Female panelists in Las Vegas say equal pay, boosting girls’ confidence among challenges

During the question-and-answer session at the end of “A Woman’s Place is …” a man referred to the four female panelists

During the question-and-answer session at the end of “A Woman’s Place is …” a man referred to the four female panelists collectively as “you guys,” then quickly realized his mistake.

“I mean, ‘you women,’” he added, to laughter from the crowd. Clark County Commissioner Chris Giunchigliani praised him for the clarification.

Giunchigliani was joined by fellow panelists Sharon Hwang, vice president of JHK Investment Group and Chinatown Plaza; Jennifer A. Lewis, vice president of Lewis Group of Companies; and Laura Jane Spina, president and CEO of RAFI + Andoscia Architecture Joint Venture. They sat on a stage in front of about 150 attendees Aug. 3 at the Historic Fifth Street School in downtown Las Vegas during the latest installment of UNLV University Libraries’ Building Las Vegas: Summer Speaker Series. To their left was Claytee White, director of the Oral History Research Center at UNLV, who served as a moderator.

To begin the hourlong discussion, White told the women, “I want to know how each of you have been involved in building Las Vegas.”

Giunchigliani responded that when she moved to Las Vegas 39 years ago, the population was 437,000 (it’s now nearly 633,000).

“I think as a special ed teacher, I helped grow and change Las Vegas just through the students I worked with,” she said. “But also, this community was good to me, and I’ve always felt I should give something back.”

Hwang said that when her father built Chinatown Plaza in 1993, it was a gamble, given that Spring Mountain Road was practically empty.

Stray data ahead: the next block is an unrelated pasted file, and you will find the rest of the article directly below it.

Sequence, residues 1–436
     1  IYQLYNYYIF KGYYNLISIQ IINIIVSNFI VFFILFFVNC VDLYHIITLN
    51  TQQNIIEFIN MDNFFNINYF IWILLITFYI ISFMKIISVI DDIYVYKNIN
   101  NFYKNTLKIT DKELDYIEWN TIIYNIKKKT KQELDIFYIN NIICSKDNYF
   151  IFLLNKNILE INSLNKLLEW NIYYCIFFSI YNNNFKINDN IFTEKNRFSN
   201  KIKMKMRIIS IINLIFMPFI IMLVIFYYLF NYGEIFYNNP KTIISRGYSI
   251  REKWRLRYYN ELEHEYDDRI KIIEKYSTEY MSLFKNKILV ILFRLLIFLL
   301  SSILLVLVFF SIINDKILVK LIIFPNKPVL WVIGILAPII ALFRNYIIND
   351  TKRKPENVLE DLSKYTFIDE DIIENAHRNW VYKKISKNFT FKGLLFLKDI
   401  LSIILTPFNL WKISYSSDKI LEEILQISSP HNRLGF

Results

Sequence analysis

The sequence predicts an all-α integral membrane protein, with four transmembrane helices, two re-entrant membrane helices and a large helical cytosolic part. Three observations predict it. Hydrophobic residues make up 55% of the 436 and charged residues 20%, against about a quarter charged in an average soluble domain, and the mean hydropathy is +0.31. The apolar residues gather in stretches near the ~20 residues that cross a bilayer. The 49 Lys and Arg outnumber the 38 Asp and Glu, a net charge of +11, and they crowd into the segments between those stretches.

“Throughout the years, you started to notice a lot of Chinese restaurants (being built),” she said. “Without that particular intention, we built Las Vegas in a different way. When tourists come, they think, ‘Oh, there’s Chinatown in Las Vegas.’”

Lewis said she came to Las Vegas in 1995, just as the housing market was taking off. Her family took advantage of that, building 25,000 housing units in Southern Nevada, she said.

White asked what Southern Nevada’s future looks like.

Spina described herself as a tree hugger and added, “I believe in bike paths, parks … people living in homes that are two or three stories, that we’re not just bulldozing our old sites.”

Lewis pointed out that even during the recession, Las Vegas added a museum, an airport terminal and a performing arts center.

“Nobody else does that,” she said. “For Henderson, I probably want more authentic restaurants that aren’t chain restaurants.” Shifting gears to transportation and road work, she added, “We are so much better than Southern California; stuff gets done,” as a cheer went up.

Restaurants are opening nearly every week on Spring Mountain Road, Hwang said.

“I think we need to build more off the Strip as well,” she said. “If families are happy, everyone is happy. By bringing more family-oriented entities, it’s much better, so when people hear about Las Vegas, it’s more rounded.”

Giunchigliani said she wants to see light rail on Maryland Parkway.

“I want to see multimodal transportation,” she said. “I see so many pockets of poverty still, and I think people forget that part.”

Giunchigliani mentioned later in the talk that, just as women earn 78 cents for every dollar a man earns in the workplace, women running for office raise 78 cents for every dollar a male candidate raises. That prompted a question from an audience member, who asked how men can help women bridge the income gap.

A lot of the disparity is generational, Spina said.

“Before the baby boomers, a lot of it was cultural,” she said. “It has been difficult to break down those barriers because that’s always been the way it was.”

White interjected, “If you own a company, you pay the women as well as the men,” drawing applause.

Giunchigliani said she’d learned there were similar disparities in Nevada’s burgeoning marijuana industry and had threatened to pull a dispensary’s license unless it remedied the problem. Hwang’s advice to men was simple: Imagine the woman you’re working with is your mother or sister, and treat — and pay — her accordingly.

Giunchigliani added, “Words matter. I would encourage male counterparts, don’t get defensive. Try to appreciate a different point of view.”

Contact Brian Sandford at bsandford@viewnews.com or call 702-380-4531. Follow @nweditor on Twitter.

    Share on
    Article Female panelists in Las Vegas say equal pay, boosting girls’ confidence among challenges compiled by www.reviewjournal.com